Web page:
At this time of year, the inevitable tests and end-of-semester exams begin to loom. With this comes a perennial challenge for parents: how to give just the right amount of support to your children and teenagers – whether they be in primary school facing their first big test or approaching their final exams.
Here are some tips for helping your son cope with test anxiety.
- Keep the ship steady
A calm environment at home – particularly in the morning before school, and in the evening – can reassure your son and help him to unwind. His energy is likely to be low, and meltdowns or tears may occur more often than usual. Listen to what he needs (which might include being left alone for a while) and try not to judge.
- Routine is king
A daily routine is really important for boys; familiarity provides comfort. This can be especially important when your son is at the mercy of deadlines that he cannot control. Your daily routine could be as simple as encouraging him to wake up at the same time every day, and to make his bed and brush his teeth before he leaves the house.
- Praise the good
It is easy at this time of year (when fatigue levels can be high for all family members) to over-react. Where possible, ignore (or forgive) your son’s questionable behaviour, and praise the good instead.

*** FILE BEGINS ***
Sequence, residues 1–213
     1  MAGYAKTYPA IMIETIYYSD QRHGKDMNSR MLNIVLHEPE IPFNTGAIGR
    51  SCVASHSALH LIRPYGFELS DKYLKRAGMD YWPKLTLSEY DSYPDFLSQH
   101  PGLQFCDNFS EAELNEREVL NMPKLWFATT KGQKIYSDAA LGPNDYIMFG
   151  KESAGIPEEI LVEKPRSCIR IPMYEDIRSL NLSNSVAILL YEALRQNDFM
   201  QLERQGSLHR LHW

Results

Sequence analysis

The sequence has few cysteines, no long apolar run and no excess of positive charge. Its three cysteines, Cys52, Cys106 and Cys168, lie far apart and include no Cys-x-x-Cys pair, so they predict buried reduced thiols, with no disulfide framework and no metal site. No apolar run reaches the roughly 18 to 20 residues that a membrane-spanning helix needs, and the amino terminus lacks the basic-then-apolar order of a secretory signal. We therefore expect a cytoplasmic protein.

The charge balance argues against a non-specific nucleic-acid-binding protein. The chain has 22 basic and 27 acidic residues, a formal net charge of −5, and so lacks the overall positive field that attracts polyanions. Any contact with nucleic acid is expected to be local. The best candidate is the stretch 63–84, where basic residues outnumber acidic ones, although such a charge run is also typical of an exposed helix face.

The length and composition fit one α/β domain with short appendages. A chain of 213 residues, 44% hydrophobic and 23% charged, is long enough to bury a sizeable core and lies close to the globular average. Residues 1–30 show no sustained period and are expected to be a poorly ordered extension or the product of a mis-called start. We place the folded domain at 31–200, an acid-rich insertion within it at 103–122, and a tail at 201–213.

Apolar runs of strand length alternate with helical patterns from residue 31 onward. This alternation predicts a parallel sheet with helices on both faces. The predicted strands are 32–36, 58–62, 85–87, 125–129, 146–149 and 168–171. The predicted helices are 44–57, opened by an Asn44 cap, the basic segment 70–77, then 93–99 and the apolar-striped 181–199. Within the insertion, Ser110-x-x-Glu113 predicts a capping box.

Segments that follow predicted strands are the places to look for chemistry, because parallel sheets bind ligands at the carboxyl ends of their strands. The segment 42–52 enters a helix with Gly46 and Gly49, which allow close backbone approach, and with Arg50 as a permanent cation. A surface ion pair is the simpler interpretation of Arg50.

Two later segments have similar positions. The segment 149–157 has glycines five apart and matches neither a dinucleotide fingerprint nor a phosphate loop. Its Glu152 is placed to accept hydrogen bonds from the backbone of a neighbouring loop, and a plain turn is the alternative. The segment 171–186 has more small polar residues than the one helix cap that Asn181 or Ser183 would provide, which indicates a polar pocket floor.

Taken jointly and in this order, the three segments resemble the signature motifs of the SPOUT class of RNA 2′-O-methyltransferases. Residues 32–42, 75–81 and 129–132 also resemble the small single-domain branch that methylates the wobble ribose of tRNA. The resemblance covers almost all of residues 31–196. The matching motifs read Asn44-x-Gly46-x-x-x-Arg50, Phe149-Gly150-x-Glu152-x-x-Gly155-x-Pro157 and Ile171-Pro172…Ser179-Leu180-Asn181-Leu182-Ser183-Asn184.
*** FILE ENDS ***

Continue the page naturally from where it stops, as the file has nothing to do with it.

- Use the best fuel
When we’re stressed, we tend to reach for comfort foods that are often high in sugar or fat. Try to help your son avoid this trap. For example, suggest a Vegemite sandwich for supper instead of opening a packet of lollies. And try to role-model good eating behaviours yourself!
Finally, sleep is one of the key factors to any child’s sense of wellbeing. Many boys, particularly teenagers, may not be getting enough sleep. A good sleep regime (such as engaging in a relaxing activity before bed) can go a long way to ensuring your son feels good in the morning and able to cope with the pressures of tests at school.
By providing the right emotional and social support for our boys, we can help them navigate their way through testing periods while also building great habits that will help them in the future.
Read further on how to deal with stress here.
Meg Adem is a science and psychology teacher, writer and athletics coach at Brighton Grammar, an all-boys school in Melbourne. This article is about Parenting
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